Nearly 16 years’ worth of sick days were lost in Fife’s schools last year due to teachers taking time away from the classroom with mental health issues.
New figures released under Freedom of Information have revealed 5,825 full-time equivalent working days were lost by teaching staff in Fife, as a result of stress, in 2018/19 – a sharp rise on the 5,319 recorded the previous year.
Working days lost due to other mental health or nervous disorders showed a similar pattern over the past two financial years, rising from 1,593 days to 1,802 days in the period.
The statistics back up a recent survey by the EIS teaching union which suggested more than three quarters of teachers surveyed across Scotland said their workload left them feeling stressed, either frequently or all the time.
A total of 70% of the 12,000-plus respondents said they would not recommend teaching as a career as a result.
Conservative MSP Liz Smith, who represents the Mid Scotland and Fife region, described the figures as “staggering and truly shocking” and said they emphasise the pressure under which kingdom teachers operate.
She said: “I do hope that these teachers that have been off work due to stress or a mental health related condition have been receiving the appropriate support and medical help.
“These details follow on from findings in 2018 which showed that Fife has had a teacher recruitment crisis. We learnt at that time that hundreds of teaching posts had to be re-advertised as Fife struggled to fill vacancies.
“However, the situation in Fife appears to be part of an overall problem in Scotland, with many teachers having to take time off their work due to stress or a mental health problem, which isn’t good enough – the Scottish Government need to take note of these shocking figures.”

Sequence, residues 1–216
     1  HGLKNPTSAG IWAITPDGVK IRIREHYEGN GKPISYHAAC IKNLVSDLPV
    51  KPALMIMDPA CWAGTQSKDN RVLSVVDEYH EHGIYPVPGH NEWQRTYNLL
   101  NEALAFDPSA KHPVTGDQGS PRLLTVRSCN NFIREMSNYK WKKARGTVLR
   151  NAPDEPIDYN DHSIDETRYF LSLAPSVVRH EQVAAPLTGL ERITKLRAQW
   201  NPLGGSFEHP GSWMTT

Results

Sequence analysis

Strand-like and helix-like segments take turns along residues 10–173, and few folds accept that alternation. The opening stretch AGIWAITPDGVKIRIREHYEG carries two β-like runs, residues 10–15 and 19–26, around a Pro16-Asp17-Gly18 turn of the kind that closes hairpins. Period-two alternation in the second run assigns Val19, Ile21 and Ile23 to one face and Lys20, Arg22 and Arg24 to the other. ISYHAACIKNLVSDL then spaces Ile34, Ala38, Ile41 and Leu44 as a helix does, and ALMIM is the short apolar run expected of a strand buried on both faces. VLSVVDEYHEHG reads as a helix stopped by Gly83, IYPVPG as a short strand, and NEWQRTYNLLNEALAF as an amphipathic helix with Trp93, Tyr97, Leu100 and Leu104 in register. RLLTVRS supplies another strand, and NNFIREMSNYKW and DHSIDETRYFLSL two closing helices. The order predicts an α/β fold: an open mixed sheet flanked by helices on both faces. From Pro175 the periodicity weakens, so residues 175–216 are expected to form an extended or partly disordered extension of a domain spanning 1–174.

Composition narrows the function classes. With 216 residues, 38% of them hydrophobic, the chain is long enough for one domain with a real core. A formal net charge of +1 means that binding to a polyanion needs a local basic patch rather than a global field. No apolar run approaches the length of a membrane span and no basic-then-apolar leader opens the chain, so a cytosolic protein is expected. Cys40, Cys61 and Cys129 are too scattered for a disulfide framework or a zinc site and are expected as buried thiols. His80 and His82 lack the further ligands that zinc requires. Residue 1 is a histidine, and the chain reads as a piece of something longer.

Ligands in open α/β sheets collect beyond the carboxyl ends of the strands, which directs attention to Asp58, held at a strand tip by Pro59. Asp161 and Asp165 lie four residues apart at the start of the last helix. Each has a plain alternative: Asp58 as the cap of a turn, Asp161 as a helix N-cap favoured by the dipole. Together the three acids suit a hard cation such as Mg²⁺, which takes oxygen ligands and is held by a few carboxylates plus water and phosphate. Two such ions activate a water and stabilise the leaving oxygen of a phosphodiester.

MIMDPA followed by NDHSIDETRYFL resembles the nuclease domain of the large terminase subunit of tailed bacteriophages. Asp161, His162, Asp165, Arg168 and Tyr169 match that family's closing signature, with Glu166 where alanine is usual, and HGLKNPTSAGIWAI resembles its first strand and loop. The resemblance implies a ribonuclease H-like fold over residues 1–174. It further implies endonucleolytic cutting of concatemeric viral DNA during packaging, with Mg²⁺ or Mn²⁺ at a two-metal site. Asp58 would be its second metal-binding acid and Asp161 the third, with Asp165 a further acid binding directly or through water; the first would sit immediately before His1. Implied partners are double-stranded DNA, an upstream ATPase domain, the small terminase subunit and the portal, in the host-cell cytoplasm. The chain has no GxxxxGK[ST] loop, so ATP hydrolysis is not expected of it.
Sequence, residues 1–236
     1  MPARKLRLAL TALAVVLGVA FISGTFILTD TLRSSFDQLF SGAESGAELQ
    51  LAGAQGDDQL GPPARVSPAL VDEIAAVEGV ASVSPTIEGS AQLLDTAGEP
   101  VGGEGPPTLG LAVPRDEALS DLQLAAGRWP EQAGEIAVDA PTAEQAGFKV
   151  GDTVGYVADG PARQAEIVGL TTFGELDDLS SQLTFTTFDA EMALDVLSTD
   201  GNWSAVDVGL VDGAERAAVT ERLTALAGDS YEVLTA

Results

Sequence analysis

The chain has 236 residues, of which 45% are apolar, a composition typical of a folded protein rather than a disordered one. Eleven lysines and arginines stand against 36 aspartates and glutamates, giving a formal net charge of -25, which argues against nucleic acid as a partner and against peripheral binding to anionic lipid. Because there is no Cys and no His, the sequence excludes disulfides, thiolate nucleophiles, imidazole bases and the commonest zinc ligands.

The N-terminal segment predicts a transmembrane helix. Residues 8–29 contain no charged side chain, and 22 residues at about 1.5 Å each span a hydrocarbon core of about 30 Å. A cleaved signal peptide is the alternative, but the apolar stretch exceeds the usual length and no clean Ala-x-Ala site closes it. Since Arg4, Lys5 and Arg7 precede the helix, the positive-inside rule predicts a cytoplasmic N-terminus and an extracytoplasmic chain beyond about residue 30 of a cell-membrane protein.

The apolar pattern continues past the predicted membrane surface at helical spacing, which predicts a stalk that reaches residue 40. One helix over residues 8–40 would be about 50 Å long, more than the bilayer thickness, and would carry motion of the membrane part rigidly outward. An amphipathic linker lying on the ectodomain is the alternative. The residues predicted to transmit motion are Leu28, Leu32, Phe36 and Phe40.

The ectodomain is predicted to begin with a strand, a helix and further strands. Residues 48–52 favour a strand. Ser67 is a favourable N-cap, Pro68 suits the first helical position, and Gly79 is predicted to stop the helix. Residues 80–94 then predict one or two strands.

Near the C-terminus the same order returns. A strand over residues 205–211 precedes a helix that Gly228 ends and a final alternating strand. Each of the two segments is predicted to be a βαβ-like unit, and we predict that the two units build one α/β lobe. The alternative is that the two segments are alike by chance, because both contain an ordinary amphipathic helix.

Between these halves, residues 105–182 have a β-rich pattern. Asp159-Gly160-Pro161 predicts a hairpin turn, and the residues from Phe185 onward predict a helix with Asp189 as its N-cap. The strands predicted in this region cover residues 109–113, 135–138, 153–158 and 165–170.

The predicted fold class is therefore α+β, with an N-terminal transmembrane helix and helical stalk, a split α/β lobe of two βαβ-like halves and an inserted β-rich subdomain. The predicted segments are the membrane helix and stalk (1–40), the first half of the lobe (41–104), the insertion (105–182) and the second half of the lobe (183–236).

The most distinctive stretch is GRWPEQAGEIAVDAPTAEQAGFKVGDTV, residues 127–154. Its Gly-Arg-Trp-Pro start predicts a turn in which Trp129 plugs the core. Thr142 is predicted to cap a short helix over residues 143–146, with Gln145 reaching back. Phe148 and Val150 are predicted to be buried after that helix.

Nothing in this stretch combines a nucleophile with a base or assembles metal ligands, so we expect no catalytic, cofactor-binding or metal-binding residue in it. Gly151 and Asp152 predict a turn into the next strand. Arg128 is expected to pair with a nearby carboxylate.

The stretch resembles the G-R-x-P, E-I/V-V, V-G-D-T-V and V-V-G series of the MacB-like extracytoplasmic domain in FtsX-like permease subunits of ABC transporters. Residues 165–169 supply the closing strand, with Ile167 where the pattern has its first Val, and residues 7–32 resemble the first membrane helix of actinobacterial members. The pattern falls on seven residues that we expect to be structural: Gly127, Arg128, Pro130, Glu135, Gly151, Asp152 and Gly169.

Her party colleague Murdo Fraser, who also represents the Mid Scotland and Fife region, called the figures “extremely worrying”.
“Teachers should not be subjected to so much pressure in their job that they are faced with taking time off work,” he said.
Councillor Fay Sinclair, convener of Fife’s education and children’s services committee, said the council recognises and values the hard work and dedication of all staff, including its teaching staff.
She said the total sickness absence for teachers was fewer than seven working days per full-time equivalent teacher and, of this, work-related stressed was just over half a day per full-time equivalent teacher.
“Last year, we introduced a policy ‘Supporting Mental Wellbeing at Work’, with agreement of the trade unions.
“The aim is to ensure a healthy workplace and our goal, as an inclusive employer, is for poor mental health to be supported in the same way as poor physical health.
“Whilst we have mental health and stress high on our agenda, we know that work related interventions will not be enough to support some employees whose stress is from outside the workplace.
“Difficult situations outwith employment can have a tremendous impact on the health and well-being of staff too and we recognise that anyone who is unwell may need time away from work, to enable them to return to work well.
“To help, our employee counselling service has been reprofiled to enable employees to self-refer and we are working towards introducing a network of Mental Health First Aiders. These interventions supplement existing services on offer such as occupational health, family friendly policies and training.”